Kali is the fierce mother goddess who presides over the realm of destruction, decay, death. While fierce & maybe even scary, she is the force that makes us really take a look at our deepest, darkest, most destructive wounds. She is far more concerned with us overcoming these dark, shadowy parts of ourselves than she is with us dancing in the light. After all, we can only truly dance in the light once we have faced & defeated our innermost demons of darkness.

This aspect of Kali, Dharma of Kali, is asking us to align with our inner moral compass. Instead of looking for external reassurance that we are ok & aligned with one another, it’s more important that we align with our own inner values at this time. Darma of Kali is about our integrity, our ability to know right from wrong and the strength to stand fiercely in the right, to live in Right Way.

As I see it, this is what we as Americans are needing to figure out. Are we, as a country, internally aligned with what we externally project? Are we as welcoming and loving and supportive as we profess to be? Are we as willing to help others -your tired, your poor, your huddled masses- as our country’s manifesto promises?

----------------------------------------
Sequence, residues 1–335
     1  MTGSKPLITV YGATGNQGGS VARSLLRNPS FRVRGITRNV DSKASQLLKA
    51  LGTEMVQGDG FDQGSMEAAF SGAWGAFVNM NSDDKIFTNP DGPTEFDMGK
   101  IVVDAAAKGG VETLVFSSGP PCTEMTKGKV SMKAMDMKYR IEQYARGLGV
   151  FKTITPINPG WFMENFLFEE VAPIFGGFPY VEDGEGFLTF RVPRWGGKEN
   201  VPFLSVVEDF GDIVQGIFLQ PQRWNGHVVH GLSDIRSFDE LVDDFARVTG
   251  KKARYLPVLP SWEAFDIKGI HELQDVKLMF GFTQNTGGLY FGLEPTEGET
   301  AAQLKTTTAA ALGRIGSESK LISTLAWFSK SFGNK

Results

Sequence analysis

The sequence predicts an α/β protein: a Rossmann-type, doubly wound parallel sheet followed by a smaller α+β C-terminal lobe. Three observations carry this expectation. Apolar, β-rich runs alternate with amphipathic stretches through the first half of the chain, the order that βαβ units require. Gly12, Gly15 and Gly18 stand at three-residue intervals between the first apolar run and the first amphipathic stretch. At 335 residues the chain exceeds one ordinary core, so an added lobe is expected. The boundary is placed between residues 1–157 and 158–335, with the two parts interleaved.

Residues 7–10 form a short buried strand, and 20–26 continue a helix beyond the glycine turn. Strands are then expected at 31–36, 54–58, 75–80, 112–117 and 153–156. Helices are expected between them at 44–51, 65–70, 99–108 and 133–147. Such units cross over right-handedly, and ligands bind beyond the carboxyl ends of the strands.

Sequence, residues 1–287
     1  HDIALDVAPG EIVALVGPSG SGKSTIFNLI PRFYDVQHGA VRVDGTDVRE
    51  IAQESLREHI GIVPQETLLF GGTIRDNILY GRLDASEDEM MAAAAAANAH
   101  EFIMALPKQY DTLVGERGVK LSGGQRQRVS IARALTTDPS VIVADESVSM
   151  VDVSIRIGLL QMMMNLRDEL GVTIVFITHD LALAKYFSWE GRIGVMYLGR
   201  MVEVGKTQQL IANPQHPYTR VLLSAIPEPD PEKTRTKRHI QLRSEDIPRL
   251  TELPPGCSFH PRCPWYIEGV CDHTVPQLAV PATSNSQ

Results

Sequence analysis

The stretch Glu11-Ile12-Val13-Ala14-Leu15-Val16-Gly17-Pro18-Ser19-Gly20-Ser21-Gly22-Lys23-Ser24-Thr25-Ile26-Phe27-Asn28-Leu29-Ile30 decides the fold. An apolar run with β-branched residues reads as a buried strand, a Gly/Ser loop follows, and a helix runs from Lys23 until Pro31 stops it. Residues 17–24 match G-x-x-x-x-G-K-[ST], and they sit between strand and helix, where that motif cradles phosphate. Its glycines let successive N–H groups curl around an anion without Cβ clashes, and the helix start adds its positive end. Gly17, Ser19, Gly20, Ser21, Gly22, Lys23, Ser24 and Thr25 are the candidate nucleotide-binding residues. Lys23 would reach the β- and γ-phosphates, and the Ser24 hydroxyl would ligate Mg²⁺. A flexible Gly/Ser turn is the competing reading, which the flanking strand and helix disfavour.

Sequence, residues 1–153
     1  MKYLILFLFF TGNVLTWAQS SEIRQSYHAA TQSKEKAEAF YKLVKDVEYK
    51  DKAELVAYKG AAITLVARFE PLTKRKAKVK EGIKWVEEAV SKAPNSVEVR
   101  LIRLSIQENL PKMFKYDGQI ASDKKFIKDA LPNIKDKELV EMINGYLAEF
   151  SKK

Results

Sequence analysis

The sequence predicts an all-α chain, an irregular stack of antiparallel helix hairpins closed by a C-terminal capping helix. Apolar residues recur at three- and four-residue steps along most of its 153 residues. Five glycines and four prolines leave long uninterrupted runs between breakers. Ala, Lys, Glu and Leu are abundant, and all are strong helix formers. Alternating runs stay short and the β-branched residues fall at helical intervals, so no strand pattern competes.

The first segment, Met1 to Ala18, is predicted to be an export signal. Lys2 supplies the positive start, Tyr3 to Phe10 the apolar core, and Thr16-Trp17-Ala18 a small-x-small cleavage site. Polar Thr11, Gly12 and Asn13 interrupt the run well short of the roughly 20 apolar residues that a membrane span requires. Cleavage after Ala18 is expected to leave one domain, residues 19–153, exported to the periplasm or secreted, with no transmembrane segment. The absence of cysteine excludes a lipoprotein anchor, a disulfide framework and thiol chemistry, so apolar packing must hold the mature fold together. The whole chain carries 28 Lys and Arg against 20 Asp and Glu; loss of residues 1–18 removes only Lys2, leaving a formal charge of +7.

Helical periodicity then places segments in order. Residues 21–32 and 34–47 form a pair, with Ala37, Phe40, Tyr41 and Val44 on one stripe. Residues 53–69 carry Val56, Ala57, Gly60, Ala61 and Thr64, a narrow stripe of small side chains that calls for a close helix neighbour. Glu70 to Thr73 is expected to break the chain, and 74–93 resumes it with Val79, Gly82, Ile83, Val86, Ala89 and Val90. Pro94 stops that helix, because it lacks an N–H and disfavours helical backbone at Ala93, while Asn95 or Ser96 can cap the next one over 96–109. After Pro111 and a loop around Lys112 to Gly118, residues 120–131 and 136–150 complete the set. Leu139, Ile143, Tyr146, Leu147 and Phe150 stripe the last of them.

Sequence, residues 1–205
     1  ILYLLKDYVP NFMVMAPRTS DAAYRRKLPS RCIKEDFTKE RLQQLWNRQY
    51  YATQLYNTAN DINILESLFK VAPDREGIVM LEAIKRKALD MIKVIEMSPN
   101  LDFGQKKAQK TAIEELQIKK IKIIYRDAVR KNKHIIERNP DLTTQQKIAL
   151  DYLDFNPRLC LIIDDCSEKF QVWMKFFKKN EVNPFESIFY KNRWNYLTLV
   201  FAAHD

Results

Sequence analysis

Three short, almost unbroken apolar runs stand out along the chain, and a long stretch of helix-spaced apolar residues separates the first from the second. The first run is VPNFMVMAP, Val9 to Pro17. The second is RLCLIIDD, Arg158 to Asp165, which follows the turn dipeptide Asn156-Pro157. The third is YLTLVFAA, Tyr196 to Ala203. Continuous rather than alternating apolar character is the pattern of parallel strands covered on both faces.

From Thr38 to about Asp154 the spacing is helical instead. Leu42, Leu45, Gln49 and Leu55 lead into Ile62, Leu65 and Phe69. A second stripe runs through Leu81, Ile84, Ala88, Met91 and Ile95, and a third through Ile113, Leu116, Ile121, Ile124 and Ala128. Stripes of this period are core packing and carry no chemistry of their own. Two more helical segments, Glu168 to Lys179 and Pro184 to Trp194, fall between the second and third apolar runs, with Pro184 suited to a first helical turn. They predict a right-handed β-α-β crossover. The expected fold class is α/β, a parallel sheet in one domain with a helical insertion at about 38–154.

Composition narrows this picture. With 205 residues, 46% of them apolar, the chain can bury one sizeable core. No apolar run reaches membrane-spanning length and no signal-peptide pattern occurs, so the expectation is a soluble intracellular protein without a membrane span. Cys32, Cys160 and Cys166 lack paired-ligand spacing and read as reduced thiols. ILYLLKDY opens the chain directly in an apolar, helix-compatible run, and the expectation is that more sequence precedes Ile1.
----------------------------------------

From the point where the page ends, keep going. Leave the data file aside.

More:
These are big questions for us all to be asking ourselves. It isn’t pretty, or easy to see, but necessary for our growth and evolution. If we are brave enough to ask these difficult questions, we’ll be strong enough to hear the answer and act in right way.

My heart has been so heavy & broken. For so much loss. For so much grief. It’s so hard to accept this as a teaching, but to think Kali is the one bringing it forth helps me believe it’s not in vain. From the ashes we will rise & be born again.

Hug someone. Reach out to someone. Check on all your people. Call your senators, get educated on your vote & vote! Walk out, make a sign, march to the capital. Let your integrity speak & your voice be heard. I’m here if you need.